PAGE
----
PADERBORN, Germany – At least three tornadoes tore through the heart of Germany on Friday, injuring dozens and causing damage for miles.
The hardest-hit area appeared to be Paderborn, where authorities said at least 43 people were injured, and some were being treated for serious wounds.
Officials believe the tornadoes had winds greater than 73 mph and uprooted trees, damaged roofs and overturned vehicles.
"Paderborn is horrified. Paderborn is shocked. And Paderborn is more than deeply affected," Mayor Michael Dreier said in a statement. "An unspeakable tornado raged over Paderborn and severely destroyed parts of the city. It’s shocking when you see what can happen to a city in such a short amount of time."
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The city said local hotels were offering rooms to storm victims whose homes and apartments were damaged during the severe weather.
The German Weather Service tracked the storm system that moved from France into Germany and issued alerts ahead of the storms.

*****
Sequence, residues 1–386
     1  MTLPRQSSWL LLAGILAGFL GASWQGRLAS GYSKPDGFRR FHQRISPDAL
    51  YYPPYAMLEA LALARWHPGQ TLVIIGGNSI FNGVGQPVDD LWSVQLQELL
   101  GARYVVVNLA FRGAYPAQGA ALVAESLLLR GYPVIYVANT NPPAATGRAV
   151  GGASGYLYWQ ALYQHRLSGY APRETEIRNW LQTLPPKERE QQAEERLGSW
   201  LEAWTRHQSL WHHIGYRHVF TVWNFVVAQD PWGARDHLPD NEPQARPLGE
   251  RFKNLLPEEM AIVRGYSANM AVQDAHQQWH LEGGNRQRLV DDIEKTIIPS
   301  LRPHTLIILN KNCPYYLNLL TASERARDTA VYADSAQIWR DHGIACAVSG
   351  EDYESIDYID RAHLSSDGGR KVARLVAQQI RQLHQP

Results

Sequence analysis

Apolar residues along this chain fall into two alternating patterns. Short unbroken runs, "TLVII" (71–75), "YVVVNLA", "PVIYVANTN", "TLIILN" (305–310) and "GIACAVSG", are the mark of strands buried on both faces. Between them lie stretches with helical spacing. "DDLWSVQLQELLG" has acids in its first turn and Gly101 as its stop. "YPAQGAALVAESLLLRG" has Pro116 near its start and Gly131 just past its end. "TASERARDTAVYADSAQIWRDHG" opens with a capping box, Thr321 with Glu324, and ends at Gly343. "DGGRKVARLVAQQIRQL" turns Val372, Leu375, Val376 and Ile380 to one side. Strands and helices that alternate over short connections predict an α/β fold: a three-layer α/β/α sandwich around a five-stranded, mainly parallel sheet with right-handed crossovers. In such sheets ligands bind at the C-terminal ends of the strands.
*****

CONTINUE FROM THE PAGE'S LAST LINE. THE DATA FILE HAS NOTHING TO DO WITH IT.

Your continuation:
The system also produced hail, heavy rain and damaging winds in several areas.
Hail larger than golf-ball-sized was reported in parts of western Germany, where meteorologists warned damage to crops and windows was likely.
The weather service reported the storms were responsible for at least one death.
A man in southwest Germany was reported to have been shocked by electricity when he entered his flooded basement and hit his head.
While storms are not a rarity in Europe, seeing significant outbreaks of severe weather is not common.
The European Severe Storms Laboratory estimates only 300 tornadoes form each year across the continent.
Because most of the region’s climate is considered to be temperate, moisture and temperature profiles tend not to be as conducive for severe weather as in vast areas of the United States.
The Nation Oceanic and Atmospheric Administration says around 1,300 tornadoes form each year in the U.S., making the country the leader in seeing these violent windstorms.